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Domonique Wiseman and the Healing Powerof a 50 mm Lens


Domonique writes:

I used to be a “happy snapper”, always the one with the camera at gatherings and on holidays but that was about as far as I got until 2011 in which photography became my medicine.

In September of 2010 I moved from Australia to New Zealand with the firm belief that I was starting a new chapter in my life that involved abundance, love and joy. By March of 2011 I had made the decision to return home after a series of events that had broken me, cleavered me open, and annihilated me from the inside and out. I was experiencing deep, profound and at times debilitating grief. During the six weeks that it took for me to extract myself from New Zealand I was struggling to get a hold on the emotional turmoil that so characterizes grief and trauma. I was flipping between savage sadness, anger, fear, joy, relief, regret and remorse in a matter of day’s, hours and sometimes minutes. This emotional turmoil frightened me but it also intrigued me, and one evening in an attempt to try and observe the emotion rather than get swept up in it, I sat in front of my Laptop computer and took a photo with the inbuilt camera of myself in a state of utter despair. In the process of observing the photo I noticed that the feeling itself began to subside. I did this regularly, taking photos of all the emotions as they arose. What I also noticed was that as I sat and edited the images I could find windows of inner peace and a quietening of the destructive thoughts as I became completely absorbed in the creation process. Back in Australia, deeply committed to making the New Zealand experience “count”, I was determined to grow as a result of all that had happened. As the wonderful Brene Brown says “Owning our story can be hard … Only when we are brave enough to explore the darkness will we discover the infinite power of our light”. So into the “Dark Night of the Soul” I went and I took my camera with me. Amongst all the powerful therapy and latihan, I immersed myself in Photography. I purchased a semi-pro camera, began taking classes, hooked up with an old friend who was a pro photojournalist (and is now also my respected mentor) and spent days shooting and nights looking at the work of inspiring photographers. When the healing became too confronting I would grab my camera and shoot or sit on my laptop and edit. Photography became my haven, a place where I could truly step out of the way and allow the transformation to take place. The addition of the 50mm lens to my kit in July 2011 turned out to be one of greatest healing tools I have ever purchased! It is a lens that by nature demands that you get up close to your subject, as you cannot hide behind a zoom to “grab that photo of the unsuspecting person”. And so I began connecting once again to people. Some days all I wanted to do was hide under the covers but I would encourage myself to get up and grab the 50mm. I would ask people I saw on the street if I could take their portrait, or groups of people at a festival if I could take a shot. In doing this I opened myself up to meeting strangers, hearing their stories and sharing a moment in time with them. That lens connected me to some incredibly fascinating people who not only gave me their beautiful portrait but also experiences and stories that aided my healing in ways that I could not have imagined.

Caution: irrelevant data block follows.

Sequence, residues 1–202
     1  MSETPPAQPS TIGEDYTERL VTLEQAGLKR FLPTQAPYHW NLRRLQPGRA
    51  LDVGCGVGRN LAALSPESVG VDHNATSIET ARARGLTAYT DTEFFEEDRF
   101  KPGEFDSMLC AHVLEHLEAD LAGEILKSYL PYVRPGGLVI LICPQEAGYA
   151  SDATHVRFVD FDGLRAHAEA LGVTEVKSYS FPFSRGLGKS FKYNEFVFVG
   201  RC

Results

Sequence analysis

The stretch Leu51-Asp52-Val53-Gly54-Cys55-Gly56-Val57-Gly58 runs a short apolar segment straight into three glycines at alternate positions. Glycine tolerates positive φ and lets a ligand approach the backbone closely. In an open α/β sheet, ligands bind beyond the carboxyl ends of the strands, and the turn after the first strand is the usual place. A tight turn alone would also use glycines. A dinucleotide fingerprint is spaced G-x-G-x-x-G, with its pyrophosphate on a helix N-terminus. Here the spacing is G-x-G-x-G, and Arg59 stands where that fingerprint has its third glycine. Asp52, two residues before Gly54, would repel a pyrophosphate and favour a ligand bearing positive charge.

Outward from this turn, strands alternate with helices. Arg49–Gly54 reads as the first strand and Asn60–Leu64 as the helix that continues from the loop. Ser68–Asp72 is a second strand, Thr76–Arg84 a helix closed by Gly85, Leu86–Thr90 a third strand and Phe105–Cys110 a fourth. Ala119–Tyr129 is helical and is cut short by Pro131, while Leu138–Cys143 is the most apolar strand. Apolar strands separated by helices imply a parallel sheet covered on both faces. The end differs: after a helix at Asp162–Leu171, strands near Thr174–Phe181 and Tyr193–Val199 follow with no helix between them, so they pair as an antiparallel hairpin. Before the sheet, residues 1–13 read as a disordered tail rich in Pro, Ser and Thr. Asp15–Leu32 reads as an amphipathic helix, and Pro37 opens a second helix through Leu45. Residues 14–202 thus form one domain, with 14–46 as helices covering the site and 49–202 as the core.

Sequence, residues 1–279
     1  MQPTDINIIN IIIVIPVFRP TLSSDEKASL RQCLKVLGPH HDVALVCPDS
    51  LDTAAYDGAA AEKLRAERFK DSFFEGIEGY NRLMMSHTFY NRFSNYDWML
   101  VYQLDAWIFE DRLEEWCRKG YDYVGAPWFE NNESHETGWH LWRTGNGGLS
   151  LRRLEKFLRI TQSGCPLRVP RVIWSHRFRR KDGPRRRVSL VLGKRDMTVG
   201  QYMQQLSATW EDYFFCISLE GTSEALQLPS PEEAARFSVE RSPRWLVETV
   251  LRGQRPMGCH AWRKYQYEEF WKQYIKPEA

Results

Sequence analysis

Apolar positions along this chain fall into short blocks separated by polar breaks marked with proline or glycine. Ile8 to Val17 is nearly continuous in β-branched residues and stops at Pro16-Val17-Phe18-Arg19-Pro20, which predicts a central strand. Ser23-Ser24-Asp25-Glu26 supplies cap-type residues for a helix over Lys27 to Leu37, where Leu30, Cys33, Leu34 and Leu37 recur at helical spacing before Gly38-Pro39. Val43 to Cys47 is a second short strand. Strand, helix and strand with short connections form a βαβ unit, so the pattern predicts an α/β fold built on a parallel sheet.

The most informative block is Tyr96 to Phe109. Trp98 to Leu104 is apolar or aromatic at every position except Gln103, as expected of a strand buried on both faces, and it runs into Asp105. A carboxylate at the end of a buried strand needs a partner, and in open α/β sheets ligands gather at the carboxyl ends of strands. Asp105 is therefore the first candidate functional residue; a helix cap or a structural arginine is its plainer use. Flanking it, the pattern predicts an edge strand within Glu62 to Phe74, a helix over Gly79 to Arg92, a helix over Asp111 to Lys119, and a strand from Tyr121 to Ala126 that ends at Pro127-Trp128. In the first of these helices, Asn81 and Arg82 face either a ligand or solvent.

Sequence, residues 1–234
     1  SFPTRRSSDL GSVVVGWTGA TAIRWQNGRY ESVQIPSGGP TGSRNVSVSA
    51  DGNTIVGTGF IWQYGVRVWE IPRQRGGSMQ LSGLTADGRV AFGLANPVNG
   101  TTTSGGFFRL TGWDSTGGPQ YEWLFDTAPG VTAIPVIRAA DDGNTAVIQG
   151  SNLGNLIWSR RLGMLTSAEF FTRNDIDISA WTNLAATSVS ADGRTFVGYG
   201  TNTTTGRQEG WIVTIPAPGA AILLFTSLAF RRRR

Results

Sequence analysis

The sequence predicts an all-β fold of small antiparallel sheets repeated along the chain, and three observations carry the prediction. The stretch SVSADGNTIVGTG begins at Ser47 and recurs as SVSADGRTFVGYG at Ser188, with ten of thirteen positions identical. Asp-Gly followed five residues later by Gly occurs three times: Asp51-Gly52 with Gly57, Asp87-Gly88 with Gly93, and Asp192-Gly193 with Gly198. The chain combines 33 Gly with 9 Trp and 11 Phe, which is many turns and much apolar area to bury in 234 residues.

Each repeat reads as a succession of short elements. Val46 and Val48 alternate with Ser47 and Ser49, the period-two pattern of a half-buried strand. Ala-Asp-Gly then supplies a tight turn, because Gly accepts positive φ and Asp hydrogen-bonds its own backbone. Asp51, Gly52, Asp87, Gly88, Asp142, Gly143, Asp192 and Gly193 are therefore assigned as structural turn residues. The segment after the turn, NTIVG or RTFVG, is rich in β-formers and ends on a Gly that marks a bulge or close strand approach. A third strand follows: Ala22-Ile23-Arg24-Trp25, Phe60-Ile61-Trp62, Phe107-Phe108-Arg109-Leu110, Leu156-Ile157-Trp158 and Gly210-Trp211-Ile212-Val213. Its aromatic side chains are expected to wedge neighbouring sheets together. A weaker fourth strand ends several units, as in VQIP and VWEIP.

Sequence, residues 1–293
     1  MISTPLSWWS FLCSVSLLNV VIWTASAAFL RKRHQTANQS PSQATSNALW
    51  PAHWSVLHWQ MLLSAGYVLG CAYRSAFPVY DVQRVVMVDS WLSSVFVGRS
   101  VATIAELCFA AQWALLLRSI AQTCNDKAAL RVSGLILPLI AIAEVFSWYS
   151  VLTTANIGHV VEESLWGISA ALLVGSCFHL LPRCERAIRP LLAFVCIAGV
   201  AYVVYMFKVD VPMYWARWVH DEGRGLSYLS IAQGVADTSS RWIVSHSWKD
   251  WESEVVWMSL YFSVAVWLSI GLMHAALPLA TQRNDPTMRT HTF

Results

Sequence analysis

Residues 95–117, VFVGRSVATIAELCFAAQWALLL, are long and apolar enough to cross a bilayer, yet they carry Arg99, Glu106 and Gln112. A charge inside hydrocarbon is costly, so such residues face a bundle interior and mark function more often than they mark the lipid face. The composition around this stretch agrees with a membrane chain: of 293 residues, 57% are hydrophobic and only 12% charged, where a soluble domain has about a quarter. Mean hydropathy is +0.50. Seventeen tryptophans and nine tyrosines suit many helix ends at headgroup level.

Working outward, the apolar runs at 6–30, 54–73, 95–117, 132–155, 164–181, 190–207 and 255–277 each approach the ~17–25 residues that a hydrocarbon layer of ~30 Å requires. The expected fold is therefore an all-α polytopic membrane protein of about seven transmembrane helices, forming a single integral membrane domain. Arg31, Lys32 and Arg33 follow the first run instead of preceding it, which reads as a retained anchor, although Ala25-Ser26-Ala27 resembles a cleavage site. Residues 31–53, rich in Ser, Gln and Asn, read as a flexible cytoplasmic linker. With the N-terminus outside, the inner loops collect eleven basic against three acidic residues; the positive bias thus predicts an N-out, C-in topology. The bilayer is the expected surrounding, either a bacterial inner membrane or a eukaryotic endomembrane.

Ten months on and I once again feel inspired, connected to myself, to the life force and to the word in a much more authentic way, my faith has returned and I can see a bright and abundant future before me. My world has expanded to include inspiring and creative beings who have come in via my passion for photography. I am preparing to do a fashion shoot, working on a photo essay, developing a website, collaborating with others on photographic projects, my home is filling with my own creations and I am continuing to expand my knowledge and skills as a photographer on a daily basis.

Where I will go with my photography I don’t know, I am simply enjoying the total bliss of going on the journey with it.

Whilst that period in my life was the harshest of initiations it has borne many gifts, one of which is that it bought photography into my life and now I can not imagine a life with out it.


EDITOR'S NOTE:  DOMONIQUE WISEMAN LIVES AND WORKS IN AUSTRALIA. SINCE WRITING THIS ARTICLE, DOMONIQUE'S CAREER HAS REALLY TAKEN OFF.  ENJOY MORE ON HER FACEBOOK PAGE.  ##

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